In the secondary cooling zone, the slab has to release sensible heat and latent heat to avoid complete solidification and to maintain the surface temperature according to the technical requirements of the metallurgy process. In this zone, the stress and strain of the slab are the result of mechanical action and thermal effects (S. Kobayashi et al,1988). Some parts of the slab may have a low temperature, which causes thermal stress in the secondary cooling zone. The thermal stress of the slab in the secondary cooling zone is small enough to be ignored compared to the stress caused by the bulging and the roller disalignment. Thus, mechanical stresses, includes the bending stress, straightening stress, roller-misalignment stress, the stress of rollers acting on the slab, and the static pressure of molten steel, determine the degree of slab broadening.
The bulging stress of a slab is defined as (Sheng Y et al ,1993) :
where Ex is the equivalent elastic modular ratio, expressed as:(Sheng Y et al ,1993)
The stress of bending and straightening is expressed as:(Lei H et al ,2007)
The stress of disalignment is expressed as: (Chen J,1990)
The values of these stresses calculated for the Q235 slab are listed in Tables 2 and 3. The calculations were based on the parameters of the continuous casters of Maanshan Iron and Steel Co. Ltd. A casting speed of 0.0167 m s-1 was used. The bending zone of the continuous caster is at the 10th~15th rollers of the 2nd segments, and the straightening zone is at the 60th~65th rollers of the 9th segments. A negative stress indicates that a pushing stress acts on the contact surface between the slab and rollers whereas a positive stress indicates a tensile stress acting on the contact surface.
|Slab shell thickness|
|Bulging strain(%)||Disalignment strain(%)||Bending strain(%)|
|Slab shell thickness|
|Bulging strain(%)||Disalignment strain(%)||Bending strain|
Tables 2 and 3 reveal that the bending, straightening, and disalignment stresses are far lower than the stress of bulging. Therefore, the stresses of bending, straightening, and disalignment do not cause the broadening of a slab.
3. Model and parameters
3.1. Finite element model
Building a satisfactory three-dimensional (3D) finite element model for the numerical simulation of continuous casting in the secondary cooling zone is quite complex. Thus, to simplify the problem, the following assumptions are made, as in our previous work((FU JianXun et al. 2010(b-c); 2011(b)):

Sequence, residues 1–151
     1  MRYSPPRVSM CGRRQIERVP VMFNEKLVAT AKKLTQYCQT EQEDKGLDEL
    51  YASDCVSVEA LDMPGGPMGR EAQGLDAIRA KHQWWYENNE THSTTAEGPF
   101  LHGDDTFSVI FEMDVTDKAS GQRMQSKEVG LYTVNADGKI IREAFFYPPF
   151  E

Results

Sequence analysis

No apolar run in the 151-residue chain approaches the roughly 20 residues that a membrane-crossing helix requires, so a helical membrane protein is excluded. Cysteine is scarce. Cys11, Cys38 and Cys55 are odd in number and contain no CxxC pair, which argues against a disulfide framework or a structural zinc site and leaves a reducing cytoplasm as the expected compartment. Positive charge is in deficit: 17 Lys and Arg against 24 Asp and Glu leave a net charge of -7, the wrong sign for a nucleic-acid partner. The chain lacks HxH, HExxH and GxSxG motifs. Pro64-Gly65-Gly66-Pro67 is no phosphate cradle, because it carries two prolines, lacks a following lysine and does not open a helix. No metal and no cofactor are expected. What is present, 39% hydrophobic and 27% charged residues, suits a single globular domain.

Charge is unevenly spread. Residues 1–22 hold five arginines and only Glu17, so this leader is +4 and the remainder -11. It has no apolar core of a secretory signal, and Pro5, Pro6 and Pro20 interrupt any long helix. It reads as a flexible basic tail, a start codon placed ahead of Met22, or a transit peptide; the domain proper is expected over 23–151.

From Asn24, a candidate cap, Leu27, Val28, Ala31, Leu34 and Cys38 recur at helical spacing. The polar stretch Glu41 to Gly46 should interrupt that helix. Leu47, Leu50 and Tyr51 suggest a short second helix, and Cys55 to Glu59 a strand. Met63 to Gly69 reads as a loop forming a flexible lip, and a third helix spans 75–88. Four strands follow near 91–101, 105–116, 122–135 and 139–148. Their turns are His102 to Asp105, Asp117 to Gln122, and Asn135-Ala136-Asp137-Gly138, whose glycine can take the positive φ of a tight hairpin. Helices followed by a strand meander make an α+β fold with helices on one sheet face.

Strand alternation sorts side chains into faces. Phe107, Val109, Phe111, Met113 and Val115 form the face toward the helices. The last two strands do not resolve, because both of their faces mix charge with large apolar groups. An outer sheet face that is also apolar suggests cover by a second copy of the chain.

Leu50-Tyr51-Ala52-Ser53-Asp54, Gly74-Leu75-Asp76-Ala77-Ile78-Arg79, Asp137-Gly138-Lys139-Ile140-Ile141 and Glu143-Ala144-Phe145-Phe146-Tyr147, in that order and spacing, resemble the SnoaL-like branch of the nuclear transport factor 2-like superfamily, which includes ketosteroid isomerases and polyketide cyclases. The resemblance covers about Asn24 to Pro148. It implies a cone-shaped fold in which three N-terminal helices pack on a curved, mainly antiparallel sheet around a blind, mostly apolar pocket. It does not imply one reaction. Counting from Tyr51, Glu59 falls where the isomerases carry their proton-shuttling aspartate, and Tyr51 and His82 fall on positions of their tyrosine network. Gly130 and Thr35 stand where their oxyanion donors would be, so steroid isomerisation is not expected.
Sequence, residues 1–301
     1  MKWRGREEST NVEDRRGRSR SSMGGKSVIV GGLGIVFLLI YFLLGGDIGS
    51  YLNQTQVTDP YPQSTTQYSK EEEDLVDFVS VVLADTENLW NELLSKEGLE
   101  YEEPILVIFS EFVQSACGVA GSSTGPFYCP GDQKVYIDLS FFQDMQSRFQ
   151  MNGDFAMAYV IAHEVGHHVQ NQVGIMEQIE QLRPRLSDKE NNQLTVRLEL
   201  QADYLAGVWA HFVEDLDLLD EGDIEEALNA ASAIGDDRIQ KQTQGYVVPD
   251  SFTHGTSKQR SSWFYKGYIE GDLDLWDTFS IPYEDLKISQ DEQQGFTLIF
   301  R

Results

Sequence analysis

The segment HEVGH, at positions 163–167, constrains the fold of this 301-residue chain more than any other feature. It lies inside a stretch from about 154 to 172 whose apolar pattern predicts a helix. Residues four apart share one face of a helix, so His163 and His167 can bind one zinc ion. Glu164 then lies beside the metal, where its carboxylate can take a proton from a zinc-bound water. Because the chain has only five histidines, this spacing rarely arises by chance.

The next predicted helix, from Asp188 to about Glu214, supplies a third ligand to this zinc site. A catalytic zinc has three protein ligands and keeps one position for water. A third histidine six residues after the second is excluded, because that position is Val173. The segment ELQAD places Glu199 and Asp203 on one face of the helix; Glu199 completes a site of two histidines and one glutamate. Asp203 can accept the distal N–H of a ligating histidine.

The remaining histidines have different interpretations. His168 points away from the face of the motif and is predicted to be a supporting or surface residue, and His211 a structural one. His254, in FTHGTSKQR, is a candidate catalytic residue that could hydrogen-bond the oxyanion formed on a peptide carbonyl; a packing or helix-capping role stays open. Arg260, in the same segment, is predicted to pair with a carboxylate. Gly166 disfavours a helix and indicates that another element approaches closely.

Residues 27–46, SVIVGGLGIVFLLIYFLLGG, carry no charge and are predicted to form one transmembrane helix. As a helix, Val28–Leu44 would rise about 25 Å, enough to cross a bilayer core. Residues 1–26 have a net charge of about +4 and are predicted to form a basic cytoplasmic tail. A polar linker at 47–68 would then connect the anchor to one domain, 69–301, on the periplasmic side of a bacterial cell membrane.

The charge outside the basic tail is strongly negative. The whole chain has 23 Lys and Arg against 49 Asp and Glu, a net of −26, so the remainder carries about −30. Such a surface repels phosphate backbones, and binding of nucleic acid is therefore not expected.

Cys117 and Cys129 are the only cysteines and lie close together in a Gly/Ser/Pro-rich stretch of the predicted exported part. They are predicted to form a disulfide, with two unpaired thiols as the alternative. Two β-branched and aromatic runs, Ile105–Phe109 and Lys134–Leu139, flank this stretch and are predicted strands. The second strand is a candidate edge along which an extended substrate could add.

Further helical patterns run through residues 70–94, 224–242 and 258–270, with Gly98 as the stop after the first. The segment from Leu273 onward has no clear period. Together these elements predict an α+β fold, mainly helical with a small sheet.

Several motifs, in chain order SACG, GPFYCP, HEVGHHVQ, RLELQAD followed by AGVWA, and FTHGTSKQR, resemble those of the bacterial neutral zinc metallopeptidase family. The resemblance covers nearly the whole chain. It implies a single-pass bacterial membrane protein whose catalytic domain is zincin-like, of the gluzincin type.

The bending and straightening effects of the slab are ignored, and the slab is considered to be a linear object.
In the simulations, time, space, the characteristics of steel, and the temperature field in the slab are continuous, and the effects of the initial mechanical conditions of the slab on the deformation are ignored. The continuous caster in the secondary cooling zone is divided into several stages.
Because of symmetry, 1/4 of the slab and rollers on one side is used for the calculation.
The slab is deformable, the rollers are stiff, and the gap between rollers is variable. The calculation boundaries are placed at the rollers.
Based on these assumptions, the thermal-mechanical coupled model of the whole secondary cooling zone is divided into 6 independent sub-models for calculation. The 15 segments of the secondary cooling zone are divided into 6 groups. The first 5 groups each contain 2 segments; the remaining 5 segments make up the last group as a completely solidified slab. A 2-m slab is used for the simulation. The slab goes through the roll arrangement at a given speed. The simulation is performed continuously from the first group to the last group, and the results of a group of rollers are taken as the initial inputs for the subsequent group.
Eight-node isoparametric elements are used for the geometric discretization of the computational domain in the model. The slab comprises 4500 elements and 5250 nodes. Figure 2 shows the finite element models of the rollers and the slab in the caster. Figure 3(a) shows the rollers and the slab in the 3rd independent sub-model. Figure 3(b) shows the 6th independent sub-model.
Due to the symmetry of the slab in the width direction, one half of the slab was simulated. The grid units at the start plane of the slab move forward at a given speed. The static pressure of molten steel is taken as a mechanical boundary condition. The boundary is applied to the solidifying front of the slab, which is defined as the position with zero-strength temperature (ZST). Considering the effects of solidification-induced segregation and solid fraction (
3.2. Constitutive equations
The key factors that determine the accuracy of a model for analyzing the stress in a slab are included in the constitutive equation of the slab. These factors are heat transfer, mechanical load, stress relaxation, and plastic strain, all of which are time-dependent. The constitutive equation of steel at high temperature, which determines the accuracy of numeric simulations, is expressed as:
where:is the total strain;is the elastic strain; is the non-elastic strain;is the thermal strain, and is the strain tensor.
The non-elastic strain is composed of time-independent inelastic strain and time-dependent creep deformation. A viscoelastic-plastic model is used to describe the solidifying behavior of the slab under the conditions of continuous casting, which is expressed as: (Chen J,1990)